Who Are You Mentoring?
As I visit local churches and hear their struggles, one thing I hear consistently is: “we don’t have enough leaders.”
Is there a lack of leadership in our local churches? Yes and no.
Yes, it is true that as churches get smaller there are fewer leaders. If a church had 100 people in worship a decade ago but only 50 now, fewer leaders would be one result.
But as I have listened, I have realized that it isn’t just having fewer people that fuels a decreasing pool of leadership. My hunch is that a contributing faction in our leadership decline is that for the past 10 years most of our current leaders haven’t apprenticed new leaders.
Recently I visited a church where every leader was over 70 years old. There were younger members in church but I was told they were too busy or uninterested in leadership. Maybe. But maybe there was a bigger issue – the church leadership didn’t have a process of mentoring.
What is mentoring? Mentoring is an approach of raising up a new generation of leaders. It requires current leaders to prioritize their time toward teaching upcoming leader. In other words, it requires a leader who will invest in someone else and then let them do the ministry in the new leader’s way and style.
How do you mentor? I like Mike Breen’s work on this – he uses the visual tool of a square to teach the concept, which has four steps.
The key to understanding this process is to start at the top with L1 (Leader at the beginning of the mentoring process) and D1. “D” stands for disciple as discipleship is about training up new leaders for ministry. Here is how it works:
L1/D1: When a current leader notices a bright eye person who is not yet in leadership, the L1 leader recruits him or her. Early on, the leader is directive in their leadership style. That means the L1 leader needs to give clear direction saying, “do this,” “this is how you…” etc.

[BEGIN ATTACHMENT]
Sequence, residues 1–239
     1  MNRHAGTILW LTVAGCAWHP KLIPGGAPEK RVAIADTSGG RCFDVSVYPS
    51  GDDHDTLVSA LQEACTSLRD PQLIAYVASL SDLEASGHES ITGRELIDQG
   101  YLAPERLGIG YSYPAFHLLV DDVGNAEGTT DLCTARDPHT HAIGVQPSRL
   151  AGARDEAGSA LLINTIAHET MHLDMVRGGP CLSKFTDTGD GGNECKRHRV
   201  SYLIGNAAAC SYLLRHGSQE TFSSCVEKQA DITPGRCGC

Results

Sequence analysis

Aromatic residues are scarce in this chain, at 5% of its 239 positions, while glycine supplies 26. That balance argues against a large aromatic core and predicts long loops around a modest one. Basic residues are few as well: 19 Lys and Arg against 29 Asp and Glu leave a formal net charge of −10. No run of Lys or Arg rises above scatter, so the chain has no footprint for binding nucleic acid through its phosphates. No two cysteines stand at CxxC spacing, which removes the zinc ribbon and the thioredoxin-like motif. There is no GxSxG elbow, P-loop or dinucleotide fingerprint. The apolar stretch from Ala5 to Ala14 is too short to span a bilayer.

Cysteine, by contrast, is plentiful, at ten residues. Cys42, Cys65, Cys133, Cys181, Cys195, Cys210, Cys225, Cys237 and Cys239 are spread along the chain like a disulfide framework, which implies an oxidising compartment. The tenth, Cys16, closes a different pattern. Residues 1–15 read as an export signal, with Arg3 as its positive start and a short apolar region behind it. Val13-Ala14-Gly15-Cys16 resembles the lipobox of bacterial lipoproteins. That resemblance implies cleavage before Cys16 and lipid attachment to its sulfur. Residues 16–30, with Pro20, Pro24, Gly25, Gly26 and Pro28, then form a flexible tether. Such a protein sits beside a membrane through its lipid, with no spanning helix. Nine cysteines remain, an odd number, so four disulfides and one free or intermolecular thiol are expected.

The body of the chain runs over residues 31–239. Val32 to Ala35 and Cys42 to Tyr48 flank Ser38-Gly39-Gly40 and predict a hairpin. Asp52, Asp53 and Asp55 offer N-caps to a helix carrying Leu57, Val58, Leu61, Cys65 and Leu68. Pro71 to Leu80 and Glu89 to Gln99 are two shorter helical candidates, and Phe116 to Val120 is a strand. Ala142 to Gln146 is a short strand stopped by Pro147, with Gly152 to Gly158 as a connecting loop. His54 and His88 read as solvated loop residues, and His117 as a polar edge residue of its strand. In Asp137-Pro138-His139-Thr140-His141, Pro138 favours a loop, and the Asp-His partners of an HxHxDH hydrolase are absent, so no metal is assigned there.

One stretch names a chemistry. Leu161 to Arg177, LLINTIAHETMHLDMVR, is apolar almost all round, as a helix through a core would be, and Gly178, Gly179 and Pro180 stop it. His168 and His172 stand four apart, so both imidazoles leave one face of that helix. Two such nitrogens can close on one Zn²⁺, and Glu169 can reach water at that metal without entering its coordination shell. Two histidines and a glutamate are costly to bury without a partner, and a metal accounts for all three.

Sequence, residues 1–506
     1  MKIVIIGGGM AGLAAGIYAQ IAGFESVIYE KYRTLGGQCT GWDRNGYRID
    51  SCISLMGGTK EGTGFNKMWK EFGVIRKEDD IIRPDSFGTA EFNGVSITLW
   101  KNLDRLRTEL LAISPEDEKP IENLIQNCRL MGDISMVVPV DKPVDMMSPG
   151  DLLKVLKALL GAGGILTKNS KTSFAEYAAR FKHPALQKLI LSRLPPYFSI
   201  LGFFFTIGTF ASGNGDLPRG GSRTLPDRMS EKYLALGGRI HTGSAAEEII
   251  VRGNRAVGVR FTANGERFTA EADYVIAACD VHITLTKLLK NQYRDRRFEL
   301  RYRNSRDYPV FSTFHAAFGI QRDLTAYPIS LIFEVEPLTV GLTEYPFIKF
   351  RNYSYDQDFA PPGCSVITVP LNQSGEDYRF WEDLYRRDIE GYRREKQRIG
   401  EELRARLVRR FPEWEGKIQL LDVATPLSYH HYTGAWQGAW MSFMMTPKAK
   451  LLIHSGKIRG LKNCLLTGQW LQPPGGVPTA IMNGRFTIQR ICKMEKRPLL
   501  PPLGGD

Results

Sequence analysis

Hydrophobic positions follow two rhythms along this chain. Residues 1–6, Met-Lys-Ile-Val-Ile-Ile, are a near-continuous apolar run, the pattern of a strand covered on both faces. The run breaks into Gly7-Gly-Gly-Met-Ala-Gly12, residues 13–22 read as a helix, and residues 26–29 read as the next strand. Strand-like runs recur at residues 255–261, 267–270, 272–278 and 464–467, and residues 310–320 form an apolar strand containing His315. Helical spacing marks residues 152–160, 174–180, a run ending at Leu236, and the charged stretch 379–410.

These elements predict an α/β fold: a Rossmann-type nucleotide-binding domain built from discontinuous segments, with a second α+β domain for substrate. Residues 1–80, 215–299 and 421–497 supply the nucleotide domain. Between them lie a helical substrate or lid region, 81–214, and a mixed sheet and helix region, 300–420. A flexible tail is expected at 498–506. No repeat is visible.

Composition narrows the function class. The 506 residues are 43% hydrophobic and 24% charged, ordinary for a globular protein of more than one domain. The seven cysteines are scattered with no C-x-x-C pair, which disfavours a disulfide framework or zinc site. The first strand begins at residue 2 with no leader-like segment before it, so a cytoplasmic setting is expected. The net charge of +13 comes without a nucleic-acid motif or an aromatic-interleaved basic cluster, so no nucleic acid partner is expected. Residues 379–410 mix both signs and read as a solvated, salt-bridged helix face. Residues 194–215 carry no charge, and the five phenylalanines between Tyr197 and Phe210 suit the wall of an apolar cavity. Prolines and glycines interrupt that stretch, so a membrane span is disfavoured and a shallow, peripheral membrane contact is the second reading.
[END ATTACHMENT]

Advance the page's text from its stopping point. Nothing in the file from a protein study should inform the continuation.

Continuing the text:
This can be a challenge for many since this style of training may feel bossy or domineering. But the reality is, strong leadership is needed early on. Weak leadership at this early stage slows down the mentoring process. Early on the D1 newbie feels confident in their new role (they don’t know enough to know the complexity or challenge) yet they are incompetent – meaning, they don’t know how to lead the ministry. This is where we begin.
L2/D2: We all know D2 even if we have never heard the term before. D2 is that place when the new leader feels overwhelmed & out of their league. They want to give up. The D2 mentee is starting to see that there is much to learn, that they are truly at the start of that learning, and that this will take their time, commitment and focus. The L1 leader, responding to the overwhelm and the anxiety of the mentee speaks of the larger vision. This might look like the outgoing finance chair sharing what God is doing through the income the church receives and manages. Or the new small group leader learning not only how long it took the outgoing leader to feel confident but what God had done in her heart as she grew in leadership.
This is often the place we stop mentoring. It demands so much time, energy and vulnerability on everyone’s part that those being mentored may give up and the one doing the mentoring may not make the time needed to really invest in the new leader. Clearing one’s schedule and spending time together makes the difference here – we need to believe in each other and what God can do through our willingness to surrender, to grow and to step into leadership.
L3/D3: If we invest the time and energy, we will begin to see fruit. The mentee disciple feels a growing confidence (“maybe I can do this”) and the L1 leader has a chance to encourage a more consensus style of relationship (“how would you improve this? What are your ideas?). Here the new leader takes on more responsibility as the outgoing leader shares responsibility. A shift is happening. The outgoing leader needs to begin to let go and trust the new leader.
L4/D4: Here the mentee becomes the leader. She has confidence and skill. She has come through the anxiety of seeing her own lack of wisdom and has learned to lean into God’s. She is not only ready to lead but she is ready to mentor. She has someone to turn to when things get tough and she sees the wisdom in the mentoring approach. The outgoing leader is able to step back. He trusts that she is ready and knows that even though leading will be done differently, that is part of the process.
To summarize the flow – it begins (L1/D1) with “I do, you watch.” Then (L2/D2) it becomes, “I do, you help.” As we round the corner (L3/D3) it becomes, “You do, I help.” And finally (L4/D4) it becomes “You do, I watch.”